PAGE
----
Answer:  FALSE! Research has shown that over 90% of study participants who required further investigation based on the result of their self-collected HPV test undertook the recommended next steps5. Impressive, right? Some screening participants may need some extra support, time and information if they are worried about having a pelvic examination. Cervical screening providers and practice nurses can help these participants overcome barriers by sensitively exploring their questions and concerns and discussing ways to make the test as comfortable and gentle as possible.

5. True or False: General practice involvement in clinical audits can improve the uptake of cervical screening.

Answer: TRUE!! This is where you come in… as a GP or Nurse Cervical Screening Provider, you have a critical role in engaging with underscreened patients and increasing their involvement in the National Cervical Screening Program. We know that involvement in quality improvement processes, such as a clinical audit, can significantly improve engagement with underscreened patients. VCS Foundation offers a HPV self-collection clinical audit, which has been accredited by the RACGP, ACRRM, APNA and ACN for CPD points. Completing the clinical audit may also qualify your clinic for a PIP QI incentive.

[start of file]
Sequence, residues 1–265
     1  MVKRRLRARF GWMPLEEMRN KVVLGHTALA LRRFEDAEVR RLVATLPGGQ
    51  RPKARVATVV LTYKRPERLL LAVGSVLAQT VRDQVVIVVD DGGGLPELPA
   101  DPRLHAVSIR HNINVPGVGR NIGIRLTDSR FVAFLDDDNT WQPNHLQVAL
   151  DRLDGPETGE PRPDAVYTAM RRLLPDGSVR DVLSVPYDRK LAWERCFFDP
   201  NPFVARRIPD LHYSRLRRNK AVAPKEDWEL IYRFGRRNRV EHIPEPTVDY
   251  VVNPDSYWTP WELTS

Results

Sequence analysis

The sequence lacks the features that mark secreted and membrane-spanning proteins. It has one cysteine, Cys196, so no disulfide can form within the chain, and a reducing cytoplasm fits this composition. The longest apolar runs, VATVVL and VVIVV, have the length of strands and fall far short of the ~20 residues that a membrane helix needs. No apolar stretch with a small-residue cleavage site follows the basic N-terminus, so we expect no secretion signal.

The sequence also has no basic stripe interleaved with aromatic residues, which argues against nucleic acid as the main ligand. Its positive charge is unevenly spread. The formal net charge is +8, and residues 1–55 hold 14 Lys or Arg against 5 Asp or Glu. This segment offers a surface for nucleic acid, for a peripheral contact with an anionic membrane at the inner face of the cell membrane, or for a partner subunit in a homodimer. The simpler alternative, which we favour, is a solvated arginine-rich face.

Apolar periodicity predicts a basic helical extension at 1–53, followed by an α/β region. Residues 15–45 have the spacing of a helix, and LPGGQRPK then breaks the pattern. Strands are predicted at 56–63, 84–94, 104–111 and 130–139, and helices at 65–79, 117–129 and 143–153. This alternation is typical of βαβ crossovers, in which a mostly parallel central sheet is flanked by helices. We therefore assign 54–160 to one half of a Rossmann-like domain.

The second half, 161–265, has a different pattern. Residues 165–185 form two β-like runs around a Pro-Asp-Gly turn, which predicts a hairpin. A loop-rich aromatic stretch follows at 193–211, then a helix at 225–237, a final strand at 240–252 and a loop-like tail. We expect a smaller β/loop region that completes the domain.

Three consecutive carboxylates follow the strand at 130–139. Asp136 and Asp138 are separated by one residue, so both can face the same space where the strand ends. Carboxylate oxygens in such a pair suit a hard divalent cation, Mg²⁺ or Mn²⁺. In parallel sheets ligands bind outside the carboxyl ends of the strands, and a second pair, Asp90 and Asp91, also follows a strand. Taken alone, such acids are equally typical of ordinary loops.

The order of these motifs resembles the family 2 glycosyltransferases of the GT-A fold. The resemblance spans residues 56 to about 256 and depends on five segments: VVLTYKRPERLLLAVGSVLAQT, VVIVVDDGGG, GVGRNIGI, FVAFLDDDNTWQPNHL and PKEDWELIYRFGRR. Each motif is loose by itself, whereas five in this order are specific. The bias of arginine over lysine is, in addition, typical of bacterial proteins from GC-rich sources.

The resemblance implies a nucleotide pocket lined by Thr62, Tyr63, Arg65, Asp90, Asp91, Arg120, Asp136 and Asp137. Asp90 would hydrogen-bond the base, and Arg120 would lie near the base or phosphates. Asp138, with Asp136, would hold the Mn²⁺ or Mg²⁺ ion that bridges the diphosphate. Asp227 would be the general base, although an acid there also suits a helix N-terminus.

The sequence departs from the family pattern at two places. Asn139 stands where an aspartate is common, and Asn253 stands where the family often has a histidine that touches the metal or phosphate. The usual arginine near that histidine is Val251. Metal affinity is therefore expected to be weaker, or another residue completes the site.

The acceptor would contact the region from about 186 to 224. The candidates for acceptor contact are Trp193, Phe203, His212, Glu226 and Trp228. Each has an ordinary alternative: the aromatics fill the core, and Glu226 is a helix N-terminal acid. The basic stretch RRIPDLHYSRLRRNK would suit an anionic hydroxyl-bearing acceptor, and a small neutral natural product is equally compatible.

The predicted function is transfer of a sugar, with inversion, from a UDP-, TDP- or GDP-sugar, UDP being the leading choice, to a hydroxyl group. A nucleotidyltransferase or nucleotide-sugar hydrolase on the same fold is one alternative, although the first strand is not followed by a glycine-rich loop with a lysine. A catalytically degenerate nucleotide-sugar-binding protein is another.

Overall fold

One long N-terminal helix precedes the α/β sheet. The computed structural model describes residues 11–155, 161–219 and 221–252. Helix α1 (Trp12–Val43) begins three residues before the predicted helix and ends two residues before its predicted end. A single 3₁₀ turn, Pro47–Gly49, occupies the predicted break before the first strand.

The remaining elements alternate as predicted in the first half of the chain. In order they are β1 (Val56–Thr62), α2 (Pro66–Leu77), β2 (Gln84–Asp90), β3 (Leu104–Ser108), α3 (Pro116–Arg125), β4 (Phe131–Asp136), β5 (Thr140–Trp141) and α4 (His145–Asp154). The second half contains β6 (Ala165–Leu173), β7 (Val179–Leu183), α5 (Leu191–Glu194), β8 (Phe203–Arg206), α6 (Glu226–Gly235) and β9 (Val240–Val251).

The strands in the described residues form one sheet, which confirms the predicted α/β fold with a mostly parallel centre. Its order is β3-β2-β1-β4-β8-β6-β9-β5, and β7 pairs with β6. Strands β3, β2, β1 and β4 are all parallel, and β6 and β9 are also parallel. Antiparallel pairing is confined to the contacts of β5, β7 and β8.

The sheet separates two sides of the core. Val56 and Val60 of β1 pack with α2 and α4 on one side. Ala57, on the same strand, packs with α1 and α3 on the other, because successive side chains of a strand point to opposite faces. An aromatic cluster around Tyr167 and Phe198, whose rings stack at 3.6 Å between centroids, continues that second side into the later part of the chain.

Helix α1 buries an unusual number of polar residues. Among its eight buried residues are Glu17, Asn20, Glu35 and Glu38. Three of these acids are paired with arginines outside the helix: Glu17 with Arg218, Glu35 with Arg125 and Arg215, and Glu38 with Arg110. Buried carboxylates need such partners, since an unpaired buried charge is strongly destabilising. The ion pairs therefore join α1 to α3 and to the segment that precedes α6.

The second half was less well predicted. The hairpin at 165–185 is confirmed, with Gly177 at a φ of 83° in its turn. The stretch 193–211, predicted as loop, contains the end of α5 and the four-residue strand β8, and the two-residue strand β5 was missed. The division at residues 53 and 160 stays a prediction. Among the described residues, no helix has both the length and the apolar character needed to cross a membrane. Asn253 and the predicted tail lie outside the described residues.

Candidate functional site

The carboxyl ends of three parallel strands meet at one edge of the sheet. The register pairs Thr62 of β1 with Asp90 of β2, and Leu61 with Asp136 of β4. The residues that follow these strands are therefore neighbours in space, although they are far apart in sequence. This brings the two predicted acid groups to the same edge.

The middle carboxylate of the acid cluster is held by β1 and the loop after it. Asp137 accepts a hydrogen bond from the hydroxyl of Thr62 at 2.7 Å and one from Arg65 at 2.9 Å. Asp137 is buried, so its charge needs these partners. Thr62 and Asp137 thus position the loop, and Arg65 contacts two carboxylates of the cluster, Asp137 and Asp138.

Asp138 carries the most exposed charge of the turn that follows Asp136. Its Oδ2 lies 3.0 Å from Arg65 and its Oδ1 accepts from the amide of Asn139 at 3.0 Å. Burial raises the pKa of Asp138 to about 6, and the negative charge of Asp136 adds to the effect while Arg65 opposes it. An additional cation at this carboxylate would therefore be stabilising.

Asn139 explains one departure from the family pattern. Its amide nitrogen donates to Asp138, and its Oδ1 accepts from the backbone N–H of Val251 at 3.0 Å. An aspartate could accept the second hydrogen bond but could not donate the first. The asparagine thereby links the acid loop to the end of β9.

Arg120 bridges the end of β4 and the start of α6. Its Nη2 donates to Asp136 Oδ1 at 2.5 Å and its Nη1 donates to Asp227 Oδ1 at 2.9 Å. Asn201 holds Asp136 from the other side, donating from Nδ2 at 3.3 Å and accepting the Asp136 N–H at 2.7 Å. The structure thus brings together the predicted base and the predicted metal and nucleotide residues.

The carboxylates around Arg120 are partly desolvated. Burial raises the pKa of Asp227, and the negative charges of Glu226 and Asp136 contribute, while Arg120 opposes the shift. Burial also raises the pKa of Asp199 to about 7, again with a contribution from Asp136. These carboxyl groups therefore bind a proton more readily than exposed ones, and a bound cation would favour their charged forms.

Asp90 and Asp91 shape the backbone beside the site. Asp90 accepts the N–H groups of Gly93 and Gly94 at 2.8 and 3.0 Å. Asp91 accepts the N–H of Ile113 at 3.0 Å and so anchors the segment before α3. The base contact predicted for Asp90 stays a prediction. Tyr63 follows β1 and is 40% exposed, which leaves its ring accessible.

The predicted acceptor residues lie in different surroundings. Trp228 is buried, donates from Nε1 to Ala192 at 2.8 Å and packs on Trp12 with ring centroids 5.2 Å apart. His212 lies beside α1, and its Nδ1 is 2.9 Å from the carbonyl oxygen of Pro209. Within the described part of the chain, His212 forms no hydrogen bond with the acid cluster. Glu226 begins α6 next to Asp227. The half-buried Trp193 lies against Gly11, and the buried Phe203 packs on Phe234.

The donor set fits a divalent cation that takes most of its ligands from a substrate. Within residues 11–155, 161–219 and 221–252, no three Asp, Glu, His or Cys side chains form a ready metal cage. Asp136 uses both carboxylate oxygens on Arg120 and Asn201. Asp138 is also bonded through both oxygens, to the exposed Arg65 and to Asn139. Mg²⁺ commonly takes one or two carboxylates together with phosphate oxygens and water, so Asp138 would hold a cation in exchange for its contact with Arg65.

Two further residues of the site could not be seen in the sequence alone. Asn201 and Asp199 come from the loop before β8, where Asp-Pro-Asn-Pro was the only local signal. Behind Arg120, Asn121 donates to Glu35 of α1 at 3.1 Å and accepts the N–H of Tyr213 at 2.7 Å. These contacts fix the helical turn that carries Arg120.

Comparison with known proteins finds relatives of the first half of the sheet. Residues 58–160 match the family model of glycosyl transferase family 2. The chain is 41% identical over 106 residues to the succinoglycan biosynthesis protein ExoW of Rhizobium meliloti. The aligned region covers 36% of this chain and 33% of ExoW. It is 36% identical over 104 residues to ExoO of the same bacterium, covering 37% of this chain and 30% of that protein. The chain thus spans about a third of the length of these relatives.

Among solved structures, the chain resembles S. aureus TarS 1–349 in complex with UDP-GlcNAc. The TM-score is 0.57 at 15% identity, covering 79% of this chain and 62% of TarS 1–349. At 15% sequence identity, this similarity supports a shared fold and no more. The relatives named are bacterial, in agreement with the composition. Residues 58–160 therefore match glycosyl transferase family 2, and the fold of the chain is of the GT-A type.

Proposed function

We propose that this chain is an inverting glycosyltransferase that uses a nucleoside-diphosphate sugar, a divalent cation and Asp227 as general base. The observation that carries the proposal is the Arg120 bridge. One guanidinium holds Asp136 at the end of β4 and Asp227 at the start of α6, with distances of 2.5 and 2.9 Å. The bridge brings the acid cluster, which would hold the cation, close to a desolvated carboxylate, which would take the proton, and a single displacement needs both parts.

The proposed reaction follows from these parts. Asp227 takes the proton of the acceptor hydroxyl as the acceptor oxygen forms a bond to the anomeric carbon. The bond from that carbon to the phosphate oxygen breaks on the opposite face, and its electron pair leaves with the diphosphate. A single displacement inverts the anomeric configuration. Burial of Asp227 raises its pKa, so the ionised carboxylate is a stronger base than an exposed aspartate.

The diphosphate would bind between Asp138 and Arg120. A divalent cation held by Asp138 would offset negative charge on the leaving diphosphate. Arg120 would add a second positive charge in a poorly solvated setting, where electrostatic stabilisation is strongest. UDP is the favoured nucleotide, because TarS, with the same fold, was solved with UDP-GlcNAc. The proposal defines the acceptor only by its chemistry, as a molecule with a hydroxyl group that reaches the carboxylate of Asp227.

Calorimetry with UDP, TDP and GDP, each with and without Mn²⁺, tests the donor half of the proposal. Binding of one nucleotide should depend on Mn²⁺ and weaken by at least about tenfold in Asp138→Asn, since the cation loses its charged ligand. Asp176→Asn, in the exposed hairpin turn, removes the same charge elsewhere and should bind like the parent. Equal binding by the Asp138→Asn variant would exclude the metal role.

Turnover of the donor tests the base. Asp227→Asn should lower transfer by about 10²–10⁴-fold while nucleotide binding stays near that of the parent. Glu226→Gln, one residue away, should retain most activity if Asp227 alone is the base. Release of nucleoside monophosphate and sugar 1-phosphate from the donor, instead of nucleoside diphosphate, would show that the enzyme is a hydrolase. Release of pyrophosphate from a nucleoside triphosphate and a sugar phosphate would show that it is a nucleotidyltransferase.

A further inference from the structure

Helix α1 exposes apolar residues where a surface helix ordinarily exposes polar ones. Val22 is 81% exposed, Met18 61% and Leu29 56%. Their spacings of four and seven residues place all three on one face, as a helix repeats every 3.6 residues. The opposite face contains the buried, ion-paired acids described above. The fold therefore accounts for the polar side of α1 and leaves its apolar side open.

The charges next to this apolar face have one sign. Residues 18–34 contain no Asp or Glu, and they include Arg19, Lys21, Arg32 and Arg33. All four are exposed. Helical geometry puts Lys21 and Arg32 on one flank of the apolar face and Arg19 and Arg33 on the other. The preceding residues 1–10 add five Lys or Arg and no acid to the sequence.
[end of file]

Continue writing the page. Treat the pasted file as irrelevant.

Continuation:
This excellent online course will step you through the whole process, so you can join the fight against cervical cancer.
What’s not to love!

HPV Self-Collection Clinical Audit

 

References

  1. Australian Institute of Health and Welfare 2019, Cancer screening, Canberra: AIHW. https://www.aihw.gov.au/reports-data/health-welfare-services/cancer-screening/overview
  2.  Australian Institute of Health and Welfare 2019. Cervical screening in Australia 2019. Cancer series no. 123. Cat. no. CAN 124. Canberra: AIHW.
  3. Annual Statistical Report 2014, Victorian Cervical Cytology Register, VCS Foundation, https://www.vcs.org.au/wp-content/uploads/2019/07/VCCR_StatisticsReport_2014_Digital_FinalApproved.pdf
  4. Sultana F, Roeske L, Malloy MJ, McDermott TL, Saville M, Brotherton JML. Implementation of Australia’s renewed cervical screening program: Preparedness of general practitioners and nurses. PLoS One. 2020;15(1):e0228042. Published 2020 Jan 29. doi:10.1371/journal.pone.0228042
  5. Arbyn M, Smith SB, Temin S, Sultana F, Castle P; Collaboration on Self-Sampling and HPV Testing. Detecting cervical precancer and reaching underscreened women by using HPV testing on self samples: updated meta-analyses. BMJ. 2018 Dec 5;363:k4823. doi: 10.1136/bmj.k4823. PMID: 30518635; PMCID: PMC6278587.
  6. Saville M, Hawkes D, Mclachlan E, Anderson S, Arabena K. Self-collection for under-screened women in a National Cervical Screening Program: pilot study. Current Oncology 2018 25/2/2018.
  7. Creagh NS, Zammit C, Brotherton JML, Saville M, McDermott T, Nightingale C, Kelaher M. Self‐collection cervical screening in the renewed National Cervical Screening Program: a qualitative study. Published 28 June 2021. Med J Aust. doi: 10.5694/mja2.51137